“In the 1970s, it is fair to say that after Britain, Holland and Italy, Estonia probably produced the most authentic progressive rock bands in the world”
One of the most musically important groups of this period was Mess, led by the multi-talented Sven Grünberg. Their shows were often cancelled by the authorities and the only album they were able to record, was lost for many years – although it has now been fully restored. Their album, “Küsi Eneselt” (Ask Yourself), can now be viewed as a global milestone in the history of rock music.
Bands like Ruja, featuring the classically gifted Rein Rannap, became cultural legacies. Ruja had an “on-and-off again” relationship with the authorities. Sometimes they were persecuted, but the official Soviet record label Melodiya nevertheless released several of Ruja’s records, after all.
Rock music as part of Estonia’s cultural identity
Although many rock bands did not have it easy in Estonia in the 1970s, it was still much easier to be a rock musician in Soviet Estonia than in Soviet Russia. In Russia, the persecution of independent rock artists was much more severe and as a result, the organic rock scene in Russia lagged behind Estonia.
In the 1980s the Estonian rock scene continued to expand. New punk bands like J.M.K.E. existed alongside Ruja, who continued strongly in the 80’s, and jazz fusion bands like Kaseke and Data began getting fans outside of the Soviet sphere.
Along with traditional choral music, it was the Estonian rock scene which formed the two most important genres of the “Singing Revolution”. Music that in many countries is seen as self-indulgent or party music, became an important part of Estonia’s cultural identity in the years before re-independence.
“Along with traditional choral music, it was the Estonian rock scene which formed the two most important genres of the ‘Singing Revolution’.”
In many ways, the culmination of Estonia’s important role in establishing semi-independent rock music scene – and indeed a great deal of jazz in Soviet times – was the “Rock Summer” festival which began in 1988.
The festival saw Estonia welcoming highly renowned artists from around the world who played to delighted audiences. The festival’s line-up remained true to the spirit of Estonian rock; it did not discriminate against any particular sub-genre of rock.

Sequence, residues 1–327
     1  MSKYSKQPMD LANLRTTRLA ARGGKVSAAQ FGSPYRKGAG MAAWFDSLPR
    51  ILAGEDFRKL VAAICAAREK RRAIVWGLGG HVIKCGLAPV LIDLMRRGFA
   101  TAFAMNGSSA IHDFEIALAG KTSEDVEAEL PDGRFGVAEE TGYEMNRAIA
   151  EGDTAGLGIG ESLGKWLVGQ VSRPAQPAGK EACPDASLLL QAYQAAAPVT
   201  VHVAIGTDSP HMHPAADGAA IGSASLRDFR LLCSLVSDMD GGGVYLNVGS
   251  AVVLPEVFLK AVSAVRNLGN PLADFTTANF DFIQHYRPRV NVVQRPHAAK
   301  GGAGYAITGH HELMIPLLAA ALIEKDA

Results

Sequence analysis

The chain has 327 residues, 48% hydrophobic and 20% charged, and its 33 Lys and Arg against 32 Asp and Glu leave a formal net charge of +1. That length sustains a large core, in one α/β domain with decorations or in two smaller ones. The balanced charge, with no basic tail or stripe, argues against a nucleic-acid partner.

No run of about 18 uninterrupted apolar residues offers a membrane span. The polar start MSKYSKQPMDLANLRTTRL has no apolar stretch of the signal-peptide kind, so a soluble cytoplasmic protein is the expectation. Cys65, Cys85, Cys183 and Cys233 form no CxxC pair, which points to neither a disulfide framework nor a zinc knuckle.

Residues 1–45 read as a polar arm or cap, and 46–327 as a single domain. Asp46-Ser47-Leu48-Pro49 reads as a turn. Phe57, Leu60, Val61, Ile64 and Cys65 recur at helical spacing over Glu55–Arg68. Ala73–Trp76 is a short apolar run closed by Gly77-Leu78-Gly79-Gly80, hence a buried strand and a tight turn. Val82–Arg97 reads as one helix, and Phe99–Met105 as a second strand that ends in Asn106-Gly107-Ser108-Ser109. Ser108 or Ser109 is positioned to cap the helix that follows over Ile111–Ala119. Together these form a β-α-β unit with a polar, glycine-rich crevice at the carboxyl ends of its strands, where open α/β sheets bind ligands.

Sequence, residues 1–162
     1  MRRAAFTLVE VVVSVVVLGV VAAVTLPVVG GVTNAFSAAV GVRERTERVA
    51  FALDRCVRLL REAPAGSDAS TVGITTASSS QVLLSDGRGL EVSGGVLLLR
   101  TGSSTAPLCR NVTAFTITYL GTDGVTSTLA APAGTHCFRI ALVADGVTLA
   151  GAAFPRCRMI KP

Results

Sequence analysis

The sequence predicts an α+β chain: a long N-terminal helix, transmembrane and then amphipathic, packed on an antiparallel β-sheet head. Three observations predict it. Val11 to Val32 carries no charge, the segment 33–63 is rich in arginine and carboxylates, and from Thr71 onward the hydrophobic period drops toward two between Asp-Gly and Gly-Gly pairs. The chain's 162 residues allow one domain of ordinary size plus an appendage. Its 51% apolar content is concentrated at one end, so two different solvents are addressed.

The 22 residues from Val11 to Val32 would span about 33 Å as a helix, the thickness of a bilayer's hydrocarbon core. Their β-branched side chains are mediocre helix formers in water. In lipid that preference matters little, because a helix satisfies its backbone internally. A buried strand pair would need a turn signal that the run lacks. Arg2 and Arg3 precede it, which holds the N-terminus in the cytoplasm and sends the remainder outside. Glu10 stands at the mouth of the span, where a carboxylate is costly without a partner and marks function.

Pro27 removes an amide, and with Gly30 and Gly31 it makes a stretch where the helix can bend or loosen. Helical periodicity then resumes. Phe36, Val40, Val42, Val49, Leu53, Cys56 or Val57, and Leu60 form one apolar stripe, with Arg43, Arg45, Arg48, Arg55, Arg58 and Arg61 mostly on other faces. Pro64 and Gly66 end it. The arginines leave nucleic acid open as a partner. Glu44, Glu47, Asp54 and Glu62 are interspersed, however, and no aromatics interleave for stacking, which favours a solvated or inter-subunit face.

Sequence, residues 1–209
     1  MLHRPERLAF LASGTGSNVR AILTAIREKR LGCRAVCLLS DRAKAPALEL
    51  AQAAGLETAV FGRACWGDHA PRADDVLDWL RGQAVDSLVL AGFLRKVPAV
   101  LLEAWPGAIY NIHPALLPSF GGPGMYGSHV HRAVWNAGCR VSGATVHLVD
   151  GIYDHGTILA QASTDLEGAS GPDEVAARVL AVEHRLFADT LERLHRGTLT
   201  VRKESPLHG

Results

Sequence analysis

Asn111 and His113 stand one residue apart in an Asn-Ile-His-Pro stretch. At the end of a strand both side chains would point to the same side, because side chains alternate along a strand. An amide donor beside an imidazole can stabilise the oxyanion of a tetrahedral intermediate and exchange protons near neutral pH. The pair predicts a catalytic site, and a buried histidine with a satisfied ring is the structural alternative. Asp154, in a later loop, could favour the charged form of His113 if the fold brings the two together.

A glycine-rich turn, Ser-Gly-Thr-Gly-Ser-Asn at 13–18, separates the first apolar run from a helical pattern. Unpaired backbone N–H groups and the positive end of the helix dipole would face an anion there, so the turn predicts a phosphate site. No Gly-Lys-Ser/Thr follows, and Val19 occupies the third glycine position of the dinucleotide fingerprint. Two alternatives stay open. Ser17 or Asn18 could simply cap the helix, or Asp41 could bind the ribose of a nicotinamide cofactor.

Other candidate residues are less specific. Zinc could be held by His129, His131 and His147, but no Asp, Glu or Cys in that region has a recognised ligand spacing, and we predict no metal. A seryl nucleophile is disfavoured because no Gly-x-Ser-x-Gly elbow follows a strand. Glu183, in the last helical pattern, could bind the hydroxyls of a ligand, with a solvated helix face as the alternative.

The headliners of the original festival included progressive rock icon Steve Hackett of Genesis, John Lydon’s post punk pioneers PIL and the new-wave band Big Country. After years of being one of the few Soviet Republics whose contemporary rock captured the interest of the wider world, in the summer of 1988 some of the world’s most important and most diverse musical talents came to Estonia.
With the exception of cancellation of 1990 (difficult to hold a rock festival in the middle of a revolution), the festival continued until 1997, and continued to attract some of the most impressive bands from around the world.
In an age where the internet makes the banning of music impossible and international artists often stop in Tallinn as part of world tours, the resurrected festival would not have the kind of unique significance the original one had. But it is good to remember the period when Estonia was producing revolutionary rock from within the Soviet system.
In 1988 many of the biggest stars came not to festivals in Moscow or Kiev, but to tiny Tallinn – perhaps an acknowledgement that Tallinn was the Soviet capital of rock.
Cover: Tõnu Trubetsky (second left, formed a band called Vennaskond in 1984) and singer-songwriter Villu Tamme (third left) with punk band J.M.K.E. in 1986 in Tallinn. Photo by punk.bumpclub.ee. * This article was originally published on 17 June 2013. It was lightly edited on 17 August 2017.